WOODSTOCK — East Cherokee Drive in Woodstock was closed to traffic early Thursday morning when a water main broke beneath the road and left a gaping sinkhole.
The almost 25-by-20 foot hole opened after a water main broke at East Cherokee Drive’s intersection with South Holly Springs Road about 2 a.m., said Lt. Jay Baker, spokesman for the Cherokee County Sheriff’s Office.
The Sheriff’s Office reported as of Thursday evening the road had been reopened.
Baker said shortly 2 a.m., a driver stopped at the intersection and noticed water coming up from cracks in the road.
Deputies arrived and found the road still intact, but suspected a water main had burst and called the Cherokee County Water and Sewerage Authority, Baker said.
“From the time they contacted the water department to the time (they) arrived and cut the water off, that’s when all the damage occurred,” Baker said. “Asphalt began to sink, and it
eventually opened up into a hole.”
Dwight Turner, spokesman for CCWSA, said the authority was lucky, and only five homes were without water until the pipe was repaired at about 8:30 a.m. Thursday.
Workers later broke away even more of the asphalt to ensure that other piping hadn’t been compromised, Turner said.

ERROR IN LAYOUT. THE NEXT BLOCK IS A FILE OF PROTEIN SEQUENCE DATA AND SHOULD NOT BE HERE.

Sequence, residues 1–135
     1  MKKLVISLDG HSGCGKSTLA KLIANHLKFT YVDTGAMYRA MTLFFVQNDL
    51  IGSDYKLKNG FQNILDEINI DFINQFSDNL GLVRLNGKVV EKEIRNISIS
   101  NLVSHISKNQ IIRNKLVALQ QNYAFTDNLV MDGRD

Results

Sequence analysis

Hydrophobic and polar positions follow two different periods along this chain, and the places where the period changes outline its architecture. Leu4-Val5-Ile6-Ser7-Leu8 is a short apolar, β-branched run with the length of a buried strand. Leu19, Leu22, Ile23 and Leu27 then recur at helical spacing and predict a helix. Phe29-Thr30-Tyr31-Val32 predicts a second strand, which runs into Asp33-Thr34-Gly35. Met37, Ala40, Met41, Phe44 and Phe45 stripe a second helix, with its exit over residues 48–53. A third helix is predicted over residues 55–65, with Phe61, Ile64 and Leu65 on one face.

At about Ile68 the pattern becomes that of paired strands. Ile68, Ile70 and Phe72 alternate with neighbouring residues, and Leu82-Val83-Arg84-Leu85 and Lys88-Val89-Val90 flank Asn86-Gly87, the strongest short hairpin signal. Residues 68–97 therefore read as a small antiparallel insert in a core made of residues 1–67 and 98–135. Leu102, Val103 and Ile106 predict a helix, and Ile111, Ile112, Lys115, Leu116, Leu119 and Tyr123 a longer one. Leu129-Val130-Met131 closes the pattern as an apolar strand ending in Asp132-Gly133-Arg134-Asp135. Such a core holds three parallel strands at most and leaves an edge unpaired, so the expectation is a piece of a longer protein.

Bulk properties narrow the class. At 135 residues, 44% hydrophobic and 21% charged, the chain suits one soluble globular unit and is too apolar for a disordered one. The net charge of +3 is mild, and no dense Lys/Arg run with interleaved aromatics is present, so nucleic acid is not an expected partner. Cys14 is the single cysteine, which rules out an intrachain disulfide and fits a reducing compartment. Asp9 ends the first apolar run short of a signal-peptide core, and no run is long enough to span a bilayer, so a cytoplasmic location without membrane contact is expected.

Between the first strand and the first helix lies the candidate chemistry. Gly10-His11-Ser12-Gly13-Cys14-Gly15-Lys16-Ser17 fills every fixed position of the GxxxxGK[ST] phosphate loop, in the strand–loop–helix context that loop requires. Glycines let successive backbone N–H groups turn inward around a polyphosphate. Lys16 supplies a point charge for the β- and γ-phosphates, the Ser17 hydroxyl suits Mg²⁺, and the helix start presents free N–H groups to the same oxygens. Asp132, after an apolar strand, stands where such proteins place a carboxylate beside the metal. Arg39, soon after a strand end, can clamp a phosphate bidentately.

Samantha Daugherty lives near the site of the water main break, and said there have been similar occurrences in the area but not at this spot on East Cherokee Drive.
“We’ve lived here six years, and it’s never happened (here),” she said. “We had a main break like fifty yards up this past winter.”
Turner said when the main broke around 2 a.m., the 20-foot line split from end to end, “all in a flash.”
There is no clear cause for the pipe to break, other than its age, he said.
Turner said the pipe under East Cherokee Drive was made of PVC, which is an outdated material as far as Cherokee County is concerned.
“Those lines have been in the ground over 30 years,” he said. “We haven’t put any PVC in the ground since 1988.”
CCWSA now uses piping made from ductile iron, but many PVC pipes are still left, Turner said.
“We’re replacing them as (we) can,” Turner said. “Every year, we replace some, but you really can’t do it all at one time.”